NEO Releases DBFT 2.0 For Better Transaction Finality

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NEO has released a game-changing update to its current consensus mechanism. DBFT 2.0 is now available, and although it will be some time before it is fully activated, the update promises to finalize transactions much more effectively. NEO creator Erik Zhang has announced the news on Twitter:

dBFT2.0, a very important component of NEO 3.0, has been developed and released as NEO CLI v2.10.0. Soon it will be deployed to TESTNET and upgraded on MAINNET thereafter. Specifications for dBFT2.0 can be found right here: https://t.co/z4B6CPvJst

What Is DBFT Consensus?

All blockchains rely on consensus to decide which blocks are valid. This in turn allows transactions to be processed. Bitcoin, for example, reaches consensus thanks to the efforts of countless miners, which are always competing to find new blocks. By contrast, NEO relies on just seven trusted nodes that cooperatively reach consensus.

Because NEO relies on pre-determined trusted nodes, it uses Delegated Byzantine Fault Tolerance (DBFT) to achieve consensus. This means that consensus can even be reached indirectly: if some nodes become unavailable or are in opposition, NEO can still reach consensus so long as two-thirds of its nodes are in agreement.

What Does 2.0 Change?

DBFT 2.0 keeps true to the above principles, but it also makes some changes. According to a newly published paper, NEO has encountered previous consensus issues after its nodes were interrupted. This update forces nodes to commit to a block once they interact with it, and it also introduces a recovery mechanism that will help failed nodes get back online.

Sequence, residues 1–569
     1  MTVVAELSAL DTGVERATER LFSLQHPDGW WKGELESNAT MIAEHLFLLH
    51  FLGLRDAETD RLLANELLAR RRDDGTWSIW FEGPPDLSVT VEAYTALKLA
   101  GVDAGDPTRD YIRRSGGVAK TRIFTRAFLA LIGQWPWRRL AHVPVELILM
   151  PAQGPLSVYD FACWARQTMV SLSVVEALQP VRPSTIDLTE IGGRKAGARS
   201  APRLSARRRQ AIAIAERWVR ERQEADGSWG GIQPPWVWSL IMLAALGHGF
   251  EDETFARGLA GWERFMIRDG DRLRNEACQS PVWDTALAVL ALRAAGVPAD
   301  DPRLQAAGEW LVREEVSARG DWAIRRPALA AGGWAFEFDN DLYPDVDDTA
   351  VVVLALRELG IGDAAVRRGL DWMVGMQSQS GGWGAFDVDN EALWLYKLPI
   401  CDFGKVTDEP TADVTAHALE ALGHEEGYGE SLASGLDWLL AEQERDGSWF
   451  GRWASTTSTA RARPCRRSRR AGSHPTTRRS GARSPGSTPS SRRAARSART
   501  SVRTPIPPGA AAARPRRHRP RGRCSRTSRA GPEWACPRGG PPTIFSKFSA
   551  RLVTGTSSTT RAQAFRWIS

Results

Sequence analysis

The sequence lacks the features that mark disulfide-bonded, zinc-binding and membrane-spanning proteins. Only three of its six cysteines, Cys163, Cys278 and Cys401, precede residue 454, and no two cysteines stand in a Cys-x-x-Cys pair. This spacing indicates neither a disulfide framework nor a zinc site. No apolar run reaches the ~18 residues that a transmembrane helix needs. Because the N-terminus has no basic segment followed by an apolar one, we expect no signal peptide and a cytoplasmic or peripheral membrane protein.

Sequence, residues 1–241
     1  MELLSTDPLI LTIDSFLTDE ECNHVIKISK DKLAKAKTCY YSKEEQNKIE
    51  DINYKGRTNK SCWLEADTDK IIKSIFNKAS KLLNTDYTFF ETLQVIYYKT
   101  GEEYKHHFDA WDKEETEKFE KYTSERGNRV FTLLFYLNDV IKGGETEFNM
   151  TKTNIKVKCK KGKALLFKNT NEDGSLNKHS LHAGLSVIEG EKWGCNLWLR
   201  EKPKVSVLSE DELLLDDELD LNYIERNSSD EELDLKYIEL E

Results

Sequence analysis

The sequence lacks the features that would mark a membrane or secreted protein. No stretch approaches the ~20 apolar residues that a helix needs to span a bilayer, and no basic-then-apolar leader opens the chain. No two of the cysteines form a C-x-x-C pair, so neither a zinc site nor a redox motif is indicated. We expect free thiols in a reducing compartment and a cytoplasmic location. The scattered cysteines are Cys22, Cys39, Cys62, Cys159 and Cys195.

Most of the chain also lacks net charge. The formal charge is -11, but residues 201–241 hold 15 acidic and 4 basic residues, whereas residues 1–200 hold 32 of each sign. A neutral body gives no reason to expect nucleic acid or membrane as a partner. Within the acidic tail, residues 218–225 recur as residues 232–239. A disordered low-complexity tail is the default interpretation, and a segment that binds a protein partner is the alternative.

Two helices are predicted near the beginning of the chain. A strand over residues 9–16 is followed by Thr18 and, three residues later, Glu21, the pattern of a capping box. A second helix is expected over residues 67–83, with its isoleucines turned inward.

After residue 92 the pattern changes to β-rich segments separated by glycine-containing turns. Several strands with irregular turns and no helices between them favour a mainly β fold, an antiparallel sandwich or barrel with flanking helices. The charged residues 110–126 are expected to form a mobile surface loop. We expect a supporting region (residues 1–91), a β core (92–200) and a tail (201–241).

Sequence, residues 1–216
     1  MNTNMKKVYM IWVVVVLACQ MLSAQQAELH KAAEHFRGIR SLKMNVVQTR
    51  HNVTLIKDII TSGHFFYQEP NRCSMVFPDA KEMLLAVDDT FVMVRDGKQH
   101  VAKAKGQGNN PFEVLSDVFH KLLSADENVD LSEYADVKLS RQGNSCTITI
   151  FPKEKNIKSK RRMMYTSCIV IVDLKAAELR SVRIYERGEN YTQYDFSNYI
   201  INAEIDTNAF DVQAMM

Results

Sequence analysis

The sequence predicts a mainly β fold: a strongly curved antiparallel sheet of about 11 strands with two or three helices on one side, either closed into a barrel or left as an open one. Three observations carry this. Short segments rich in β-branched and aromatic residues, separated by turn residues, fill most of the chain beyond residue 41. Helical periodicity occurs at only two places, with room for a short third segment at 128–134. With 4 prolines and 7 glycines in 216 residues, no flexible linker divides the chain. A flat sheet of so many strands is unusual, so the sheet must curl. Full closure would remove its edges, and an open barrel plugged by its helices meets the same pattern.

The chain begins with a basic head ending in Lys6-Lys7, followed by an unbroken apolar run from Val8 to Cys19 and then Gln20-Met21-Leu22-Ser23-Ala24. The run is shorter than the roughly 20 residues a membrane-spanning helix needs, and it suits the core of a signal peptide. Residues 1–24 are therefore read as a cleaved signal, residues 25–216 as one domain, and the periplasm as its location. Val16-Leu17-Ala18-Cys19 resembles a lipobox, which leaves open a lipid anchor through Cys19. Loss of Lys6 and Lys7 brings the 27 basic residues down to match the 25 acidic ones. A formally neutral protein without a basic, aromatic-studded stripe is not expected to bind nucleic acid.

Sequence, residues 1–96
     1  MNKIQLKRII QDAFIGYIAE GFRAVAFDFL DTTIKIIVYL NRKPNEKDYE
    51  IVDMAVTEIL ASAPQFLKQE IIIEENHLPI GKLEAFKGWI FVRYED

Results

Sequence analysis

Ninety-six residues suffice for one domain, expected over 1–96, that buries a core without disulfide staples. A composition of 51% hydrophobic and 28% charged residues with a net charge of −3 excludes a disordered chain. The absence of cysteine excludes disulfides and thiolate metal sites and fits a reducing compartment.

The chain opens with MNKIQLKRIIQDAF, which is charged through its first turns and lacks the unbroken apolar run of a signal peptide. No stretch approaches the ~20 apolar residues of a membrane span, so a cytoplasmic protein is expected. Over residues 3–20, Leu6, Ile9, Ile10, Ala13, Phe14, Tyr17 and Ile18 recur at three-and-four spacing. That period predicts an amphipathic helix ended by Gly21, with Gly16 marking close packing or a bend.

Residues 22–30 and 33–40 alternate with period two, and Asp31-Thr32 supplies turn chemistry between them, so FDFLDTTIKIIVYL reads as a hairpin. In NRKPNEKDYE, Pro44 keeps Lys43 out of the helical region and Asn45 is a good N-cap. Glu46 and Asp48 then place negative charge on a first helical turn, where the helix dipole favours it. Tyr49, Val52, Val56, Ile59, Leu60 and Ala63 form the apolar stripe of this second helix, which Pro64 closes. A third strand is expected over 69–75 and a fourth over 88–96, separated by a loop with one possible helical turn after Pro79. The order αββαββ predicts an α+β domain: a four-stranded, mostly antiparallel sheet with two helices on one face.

Basically, these features should make the NEO network much more stable. As NEO Global Development has noted, the changes will also make transactions truly irreversible, which is important for commercial applications. Although blockchains can undo errors with great effort, doing so causes major inconveniences, especially for users that handle large numbers of transactions.

Zhang has also previously commented on the upgrade in January, noting that it allows transactions to be finalized in just 15 seconds:

With this improvement, dBFT will have more strict finality. Users only need to wait for one confirmation (15 seconds) to ensure the irreversibility of the transactions and prevent double-spending. This is very suitable for financial applications.

Competing BFT Variants

Although Byzantine Fault Tolerance may be less recognizable than other consensus mechanisms, it was actually created in 1999 and has gained plenty of traction since then. Many blockchains and projects, including ICON, Tendermint, and Ontology have adopted variations on BFT. Soon, Bitcoin Cash may even

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Tags: Byzantine fault tolerance, Bitcoin Cash